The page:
Simnikiwe Hlatshaneni
Premium Journalist
2 minute read
1 Apr 2019
6:05 am

The ANC has a plan to deal with foreigners in SA hospitals (but isn’t telling)

Simnikiwe Hlatshaneni

The health minister may be coy on details about how things will work in the NHI until after the elections.

Home Affairs Minister Aaron Motsoaledi. Picture: Neil McCartney

The ANC has a plan to deal with the impact undocumented migrants have on the public health system, says Health Minister Aaron Motsoaledi, but you’re not likely to hear about it before the elections this year.

This follows several recent statements by ANC leadership, including Motsoaledi, concerning the strain imposed on public healthcare facilities by undocumented immigrants who, under the constitution, have as much right to public healthcare as any South African.

Speaking at the party’s briefing on education, health, science and technology yesterday, Motsoaledi echoed the long-standing argument from the Democratic Alliance (DA) that service delivery in South Africa has been ailed by the state’s failure to accurately record immigration numbers in South Africa.

“One of the weaknesses we have in South Africa is that, when we have migrants, they are not in a confined place monitored by international organisations. That is not the case in South Africa. There is no particular organisation in the country that may help them.”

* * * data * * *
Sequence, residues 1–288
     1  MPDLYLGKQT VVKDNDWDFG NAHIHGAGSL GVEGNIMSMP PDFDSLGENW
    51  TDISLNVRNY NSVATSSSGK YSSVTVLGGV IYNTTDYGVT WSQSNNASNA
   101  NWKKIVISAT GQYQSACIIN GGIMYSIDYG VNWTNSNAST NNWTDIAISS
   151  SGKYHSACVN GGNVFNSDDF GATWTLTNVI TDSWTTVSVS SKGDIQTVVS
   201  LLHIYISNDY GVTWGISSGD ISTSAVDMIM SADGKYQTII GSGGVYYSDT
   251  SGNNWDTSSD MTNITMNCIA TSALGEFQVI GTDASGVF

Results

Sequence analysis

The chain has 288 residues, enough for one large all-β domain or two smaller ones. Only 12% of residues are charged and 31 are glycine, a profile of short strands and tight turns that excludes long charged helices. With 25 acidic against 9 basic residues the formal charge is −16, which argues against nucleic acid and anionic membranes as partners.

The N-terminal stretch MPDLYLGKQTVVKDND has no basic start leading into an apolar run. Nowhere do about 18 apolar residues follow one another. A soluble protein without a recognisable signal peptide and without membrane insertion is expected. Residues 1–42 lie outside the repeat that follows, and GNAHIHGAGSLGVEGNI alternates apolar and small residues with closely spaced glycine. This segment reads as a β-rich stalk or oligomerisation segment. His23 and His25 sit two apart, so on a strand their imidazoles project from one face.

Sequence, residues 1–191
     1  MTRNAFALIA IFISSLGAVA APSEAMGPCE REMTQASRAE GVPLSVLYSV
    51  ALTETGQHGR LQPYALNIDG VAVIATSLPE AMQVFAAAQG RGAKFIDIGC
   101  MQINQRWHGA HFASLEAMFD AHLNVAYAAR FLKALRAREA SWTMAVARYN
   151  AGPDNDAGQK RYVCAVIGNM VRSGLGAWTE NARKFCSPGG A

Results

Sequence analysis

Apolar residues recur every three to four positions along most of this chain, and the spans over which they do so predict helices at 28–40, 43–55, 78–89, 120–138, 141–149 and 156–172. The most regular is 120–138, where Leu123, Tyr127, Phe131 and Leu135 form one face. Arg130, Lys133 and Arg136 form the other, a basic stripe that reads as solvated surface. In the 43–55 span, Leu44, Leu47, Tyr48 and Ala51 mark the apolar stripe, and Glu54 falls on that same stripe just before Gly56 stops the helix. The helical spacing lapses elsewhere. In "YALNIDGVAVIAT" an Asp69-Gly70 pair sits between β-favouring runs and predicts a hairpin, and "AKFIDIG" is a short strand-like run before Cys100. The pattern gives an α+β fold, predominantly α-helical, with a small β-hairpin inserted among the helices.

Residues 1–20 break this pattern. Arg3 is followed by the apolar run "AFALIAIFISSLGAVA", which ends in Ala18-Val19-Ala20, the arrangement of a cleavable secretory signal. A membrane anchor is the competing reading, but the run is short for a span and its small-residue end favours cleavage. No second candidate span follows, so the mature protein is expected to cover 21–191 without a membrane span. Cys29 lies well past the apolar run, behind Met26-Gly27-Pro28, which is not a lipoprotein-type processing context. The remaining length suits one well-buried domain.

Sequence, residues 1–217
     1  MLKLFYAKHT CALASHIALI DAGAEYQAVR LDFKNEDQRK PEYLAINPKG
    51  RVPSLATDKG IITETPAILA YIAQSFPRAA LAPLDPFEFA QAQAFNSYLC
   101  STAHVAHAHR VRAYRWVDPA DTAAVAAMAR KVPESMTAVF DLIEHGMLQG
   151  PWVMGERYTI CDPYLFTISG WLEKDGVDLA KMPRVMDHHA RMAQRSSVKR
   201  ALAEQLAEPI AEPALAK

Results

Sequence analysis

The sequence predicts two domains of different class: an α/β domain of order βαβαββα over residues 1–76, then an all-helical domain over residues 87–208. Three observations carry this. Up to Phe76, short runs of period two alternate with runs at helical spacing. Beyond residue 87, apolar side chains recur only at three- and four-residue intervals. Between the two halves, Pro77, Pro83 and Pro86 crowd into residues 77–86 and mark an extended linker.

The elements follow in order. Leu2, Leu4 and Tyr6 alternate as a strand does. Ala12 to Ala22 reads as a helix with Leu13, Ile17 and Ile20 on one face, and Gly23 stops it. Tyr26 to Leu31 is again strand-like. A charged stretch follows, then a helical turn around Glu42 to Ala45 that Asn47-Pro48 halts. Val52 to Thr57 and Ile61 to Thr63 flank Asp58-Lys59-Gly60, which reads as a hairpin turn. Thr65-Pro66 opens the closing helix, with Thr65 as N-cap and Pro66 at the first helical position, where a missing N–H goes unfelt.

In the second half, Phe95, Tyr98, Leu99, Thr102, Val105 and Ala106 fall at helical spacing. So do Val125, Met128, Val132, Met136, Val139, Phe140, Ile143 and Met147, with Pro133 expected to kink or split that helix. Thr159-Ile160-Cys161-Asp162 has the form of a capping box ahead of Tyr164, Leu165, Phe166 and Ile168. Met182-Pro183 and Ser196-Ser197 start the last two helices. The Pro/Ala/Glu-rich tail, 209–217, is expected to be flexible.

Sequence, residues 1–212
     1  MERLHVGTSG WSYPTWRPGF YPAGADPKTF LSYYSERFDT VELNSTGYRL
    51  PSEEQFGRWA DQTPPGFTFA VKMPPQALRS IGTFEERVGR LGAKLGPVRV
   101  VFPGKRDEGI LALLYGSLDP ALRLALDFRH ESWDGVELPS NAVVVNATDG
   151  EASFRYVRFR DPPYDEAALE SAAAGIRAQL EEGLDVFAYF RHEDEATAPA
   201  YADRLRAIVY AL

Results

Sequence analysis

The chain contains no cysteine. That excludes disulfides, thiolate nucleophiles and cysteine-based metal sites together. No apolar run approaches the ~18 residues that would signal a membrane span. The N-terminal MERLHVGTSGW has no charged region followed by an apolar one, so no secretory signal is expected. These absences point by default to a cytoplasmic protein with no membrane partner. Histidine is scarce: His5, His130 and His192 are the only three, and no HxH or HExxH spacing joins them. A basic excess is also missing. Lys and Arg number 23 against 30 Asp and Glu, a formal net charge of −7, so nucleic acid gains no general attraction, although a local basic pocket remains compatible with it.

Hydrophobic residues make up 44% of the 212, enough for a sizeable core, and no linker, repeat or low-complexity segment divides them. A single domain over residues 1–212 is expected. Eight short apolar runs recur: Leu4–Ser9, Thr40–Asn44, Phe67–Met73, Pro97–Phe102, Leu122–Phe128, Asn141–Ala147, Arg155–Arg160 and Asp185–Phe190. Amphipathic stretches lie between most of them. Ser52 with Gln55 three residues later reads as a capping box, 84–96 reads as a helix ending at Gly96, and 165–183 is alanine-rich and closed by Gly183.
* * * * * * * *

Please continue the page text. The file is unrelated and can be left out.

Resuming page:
Asked if there was a plan to have an integrated health system which incorporated undocumented immigrants, Motsoaledi was reluctant to go into detail.

“Yes, we do have a plan and we are going to outline it.

“We are processing the documents in the NHI [National Health Insurance] because there are international conventions that apply in that situation,” he replied. “I can’t go into it, but we have definitely got a plan which is based on the constitution, based on international conventions and based on practices done in countries that have got national health schemes like ourselves.”

These solutions, he said, would be modelled on healthcare systems such as that of the United Kingdom, on which South Africa’s NHI scheme is modelled.

In the UK, primary healthcare services are free to all, regardless of their immigration status. Secondary healthcare services are based on permanent residence and whether one is in the country lawfully.

A recent move by that government to ask doctors to report undocumented patients to immigration law enforcement agencies was met with outrage, with people claiming it would discourage undocumented immigrants from seeking life-saving medical care.

Commenting on the announcement, DA national spokesperson Solly Malatsi said expecting the NHI to solve the country’s public health system was overly ambitious.

“At this stage, we are currently dealing with healthcare facilities that don’t have an adequate number of doctors, medical interns not being paid and placed on time, and infrastructural collapse, so if we do implement the NHI in this current state, the problems will remain,” he said.


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